The Smugglers' World: Illicit Trade and Atlantic Communities in Eighteenth-Century Venezuela

The Smugglers' World: Illicit Trade and Atlantic Communities in Eighteenth-Century Venezuela

by Jesse Cromwell

NOOK Book(eBook)

$26.49 $29.99 Save 12% Current price is $26.49, Original price is $29.99. You Save 12%.
View All Available Formats & Editions

Available on Compatible NOOK Devices and the free NOOK Apps.
WANT A NOOK?  Explore Now

Overview

The Smugglers' World examines a critical part of Atlantic trade for a neglected corner of the Spanish Empire. Testimonies of smugglers, buyers, and royal officials found in Venezuelan prize court records reveal a colony enmeshed in covert commerce. Forsaken by the Spanish fleet system, Venezuelan colonists struggled to obtain European foods and goods. They found a solution in exchanging cacao, a coveted luxury, for the necessities of life provided by contrabandists from the Dutch, English, and French Caribbean.

Jesse Cromwell paints a vivid picture of the lives of littoral peoples who normalized their subversions of imperial law. Yet laws and borders began to matter when the Spanish state cracked down on illicit commerce in the 1720s as part of early Bourbon reforms. Now successful merchants could become convict laborers just as easily as enslaved Africans could become free traders along the unruly coastlines of the Spanish Main. Smuggling became more than an economic transaction or imperial worry; persistent local need elevated the practice to a communal ethos, and Venezuelans defended their commercial autonomy through passive measures and even violent political protests. Negotiations between the Spanish state and its subjects over smuggling formed a key part of empire making and maintenance in the eighteenth century.

Product Details

ISBN-13: 9781469636917
Publisher: Omohundro Institute and University of North Carolina Press
Publication date: 11/05/2018
Series: Published by the Omohundro Institute of Early American History and Culture and the University of North Carolina Press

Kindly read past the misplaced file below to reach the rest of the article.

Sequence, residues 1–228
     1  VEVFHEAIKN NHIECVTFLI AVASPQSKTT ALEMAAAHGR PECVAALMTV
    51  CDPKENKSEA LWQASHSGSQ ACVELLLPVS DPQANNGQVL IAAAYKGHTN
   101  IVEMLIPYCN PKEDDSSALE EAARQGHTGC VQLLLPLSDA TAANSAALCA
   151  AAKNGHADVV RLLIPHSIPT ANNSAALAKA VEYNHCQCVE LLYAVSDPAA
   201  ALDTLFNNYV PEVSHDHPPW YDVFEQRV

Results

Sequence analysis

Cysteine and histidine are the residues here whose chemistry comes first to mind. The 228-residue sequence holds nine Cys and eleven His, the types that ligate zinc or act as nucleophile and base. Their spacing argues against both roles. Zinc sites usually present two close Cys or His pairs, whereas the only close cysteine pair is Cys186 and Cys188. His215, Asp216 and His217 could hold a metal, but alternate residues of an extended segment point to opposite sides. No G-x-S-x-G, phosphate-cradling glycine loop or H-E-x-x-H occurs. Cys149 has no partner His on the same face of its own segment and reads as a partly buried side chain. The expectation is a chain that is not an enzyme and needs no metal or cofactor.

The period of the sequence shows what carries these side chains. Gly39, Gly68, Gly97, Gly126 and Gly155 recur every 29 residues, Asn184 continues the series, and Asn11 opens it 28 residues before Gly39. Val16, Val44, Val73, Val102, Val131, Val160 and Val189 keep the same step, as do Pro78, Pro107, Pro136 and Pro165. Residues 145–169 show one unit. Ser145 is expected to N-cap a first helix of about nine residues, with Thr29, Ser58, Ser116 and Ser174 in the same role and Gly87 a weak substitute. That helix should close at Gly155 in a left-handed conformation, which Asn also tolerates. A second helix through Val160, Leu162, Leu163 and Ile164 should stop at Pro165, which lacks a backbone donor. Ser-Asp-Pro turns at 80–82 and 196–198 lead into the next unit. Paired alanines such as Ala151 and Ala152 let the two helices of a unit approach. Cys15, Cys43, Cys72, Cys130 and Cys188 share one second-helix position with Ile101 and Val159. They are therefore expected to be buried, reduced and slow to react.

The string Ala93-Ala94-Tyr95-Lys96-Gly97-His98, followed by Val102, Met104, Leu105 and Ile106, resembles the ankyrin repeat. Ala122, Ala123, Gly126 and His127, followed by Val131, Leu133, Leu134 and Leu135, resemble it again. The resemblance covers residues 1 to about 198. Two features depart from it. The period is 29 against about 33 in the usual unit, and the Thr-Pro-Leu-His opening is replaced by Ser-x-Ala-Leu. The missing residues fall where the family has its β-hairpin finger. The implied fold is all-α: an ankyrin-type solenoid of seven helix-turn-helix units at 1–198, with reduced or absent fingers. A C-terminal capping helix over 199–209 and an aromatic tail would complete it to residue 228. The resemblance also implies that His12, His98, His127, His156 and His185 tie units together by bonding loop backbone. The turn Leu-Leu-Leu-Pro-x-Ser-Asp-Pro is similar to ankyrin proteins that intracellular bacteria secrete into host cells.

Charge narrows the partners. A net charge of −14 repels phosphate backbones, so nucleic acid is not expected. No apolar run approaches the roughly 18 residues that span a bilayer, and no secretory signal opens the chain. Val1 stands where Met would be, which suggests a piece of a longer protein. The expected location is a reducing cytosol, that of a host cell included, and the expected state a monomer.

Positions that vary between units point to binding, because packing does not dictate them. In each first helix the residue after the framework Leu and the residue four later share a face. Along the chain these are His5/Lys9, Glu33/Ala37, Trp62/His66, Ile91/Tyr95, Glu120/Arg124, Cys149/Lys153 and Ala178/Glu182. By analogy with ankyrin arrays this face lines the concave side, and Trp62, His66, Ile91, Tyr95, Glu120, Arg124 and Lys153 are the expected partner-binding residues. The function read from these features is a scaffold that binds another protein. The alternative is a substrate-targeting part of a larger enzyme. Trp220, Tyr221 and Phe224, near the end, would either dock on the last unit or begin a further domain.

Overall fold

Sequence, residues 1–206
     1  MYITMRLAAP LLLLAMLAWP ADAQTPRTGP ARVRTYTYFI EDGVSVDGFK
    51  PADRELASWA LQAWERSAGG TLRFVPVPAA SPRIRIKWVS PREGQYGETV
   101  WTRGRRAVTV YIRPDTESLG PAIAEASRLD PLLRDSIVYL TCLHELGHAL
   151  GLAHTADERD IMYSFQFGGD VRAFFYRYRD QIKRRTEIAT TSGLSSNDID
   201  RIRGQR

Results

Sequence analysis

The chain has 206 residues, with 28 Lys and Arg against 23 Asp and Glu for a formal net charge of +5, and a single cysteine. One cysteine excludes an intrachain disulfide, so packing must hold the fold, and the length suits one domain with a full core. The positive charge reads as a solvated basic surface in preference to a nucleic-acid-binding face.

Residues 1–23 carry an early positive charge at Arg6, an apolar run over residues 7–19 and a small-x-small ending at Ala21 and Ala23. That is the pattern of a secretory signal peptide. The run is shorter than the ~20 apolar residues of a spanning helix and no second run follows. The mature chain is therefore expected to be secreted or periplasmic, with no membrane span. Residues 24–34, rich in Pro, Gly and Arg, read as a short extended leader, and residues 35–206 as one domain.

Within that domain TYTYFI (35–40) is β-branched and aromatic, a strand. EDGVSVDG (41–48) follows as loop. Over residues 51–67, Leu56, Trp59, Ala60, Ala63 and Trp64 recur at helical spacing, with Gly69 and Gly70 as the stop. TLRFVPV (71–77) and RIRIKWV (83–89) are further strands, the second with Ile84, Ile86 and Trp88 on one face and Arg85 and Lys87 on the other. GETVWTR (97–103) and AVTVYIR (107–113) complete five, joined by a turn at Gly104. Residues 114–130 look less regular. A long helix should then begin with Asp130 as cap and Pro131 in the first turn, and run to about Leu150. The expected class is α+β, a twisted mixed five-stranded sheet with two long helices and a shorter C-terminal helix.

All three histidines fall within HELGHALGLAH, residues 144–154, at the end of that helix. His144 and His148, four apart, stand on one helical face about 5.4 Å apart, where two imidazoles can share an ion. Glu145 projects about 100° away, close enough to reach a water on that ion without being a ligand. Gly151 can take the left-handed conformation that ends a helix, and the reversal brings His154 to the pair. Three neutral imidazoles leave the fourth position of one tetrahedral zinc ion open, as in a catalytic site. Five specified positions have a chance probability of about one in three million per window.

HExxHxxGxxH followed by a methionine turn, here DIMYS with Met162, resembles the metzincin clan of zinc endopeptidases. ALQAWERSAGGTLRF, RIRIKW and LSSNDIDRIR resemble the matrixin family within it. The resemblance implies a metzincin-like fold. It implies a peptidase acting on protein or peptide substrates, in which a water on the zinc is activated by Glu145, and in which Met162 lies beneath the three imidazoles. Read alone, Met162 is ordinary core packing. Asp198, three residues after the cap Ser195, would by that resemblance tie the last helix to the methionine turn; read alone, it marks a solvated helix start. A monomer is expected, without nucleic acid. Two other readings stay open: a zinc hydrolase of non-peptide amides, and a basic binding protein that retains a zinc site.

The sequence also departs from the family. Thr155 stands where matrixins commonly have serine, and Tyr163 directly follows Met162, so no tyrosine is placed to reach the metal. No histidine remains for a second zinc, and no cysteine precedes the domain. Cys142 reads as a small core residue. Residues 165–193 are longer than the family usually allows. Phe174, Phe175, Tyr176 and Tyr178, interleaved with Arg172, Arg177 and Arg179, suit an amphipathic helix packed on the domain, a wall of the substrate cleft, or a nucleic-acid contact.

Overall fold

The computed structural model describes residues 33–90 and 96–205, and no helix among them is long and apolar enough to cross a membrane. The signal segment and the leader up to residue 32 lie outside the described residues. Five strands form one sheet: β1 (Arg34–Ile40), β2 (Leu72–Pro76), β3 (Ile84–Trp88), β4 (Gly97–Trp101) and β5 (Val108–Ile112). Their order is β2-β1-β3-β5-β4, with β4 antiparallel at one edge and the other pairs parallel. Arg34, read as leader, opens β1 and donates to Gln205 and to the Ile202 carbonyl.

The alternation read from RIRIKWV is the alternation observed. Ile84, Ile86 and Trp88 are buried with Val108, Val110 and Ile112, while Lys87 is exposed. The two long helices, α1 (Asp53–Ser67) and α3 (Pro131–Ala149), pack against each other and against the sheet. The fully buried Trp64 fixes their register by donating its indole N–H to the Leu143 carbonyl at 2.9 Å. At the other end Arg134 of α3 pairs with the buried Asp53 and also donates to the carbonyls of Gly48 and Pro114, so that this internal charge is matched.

Sold by: Barnes & Noble
Format: NOOK Book
Pages: 336
File size: 5 MB

About the Author

Jesse Cromwell is associate professor of history at the University of Mississippi.

What People are Saying About This

From the Publisher

This masterful social history traces elite Europeans' love of chocolate to its main South American source. Cromwell brings colonial Venezuela out of obscurity and offers powerful insights about the negotiated character of empires and the centrality of smuggling to a multitude of Americans: lowly enslaved producers, interloping French, Dutch, and British merchants funneling cacao into transatlantic networks, and Spanish officials who strove in vain to enforce mercantilist ideals. Within a comparative Atlantic framing, Cromwell's Venezuelans make 1770s Bostonians look like honest, peaceful, law-abiding subjects and Bermudians only slightly crooked.—Michael J. Jarvis, University of Rochester



In this deeply researched and theoretically sophisticated history of smuggling and its enemies, Jesse Cromwell brings tacitly accepted illicit trade into sharp and dramatic relief. Venezuelans of all types found a sense of 'community in criminality' by resisting state actors' attempts to monopolize local cacao. This novel argument adds much to the new history of corruption in the Iberian empires and to the Bourbon reforms and their consequences. It also says a lot about that old devil, chocolate.—Kris E. Lane, Tulane University



A fascinating investigation of the murky world of contraband commerce. Illicit trade flourished in early modern Venezuela; it was commonplace, normative, mundane, part of the ordinary fabric of life. Cromwell's insightful book is a tour de force exploration of clandestine, covert, interimperial trade.—Philip D. Morgan, Johns Hopkins University

Customer Reviews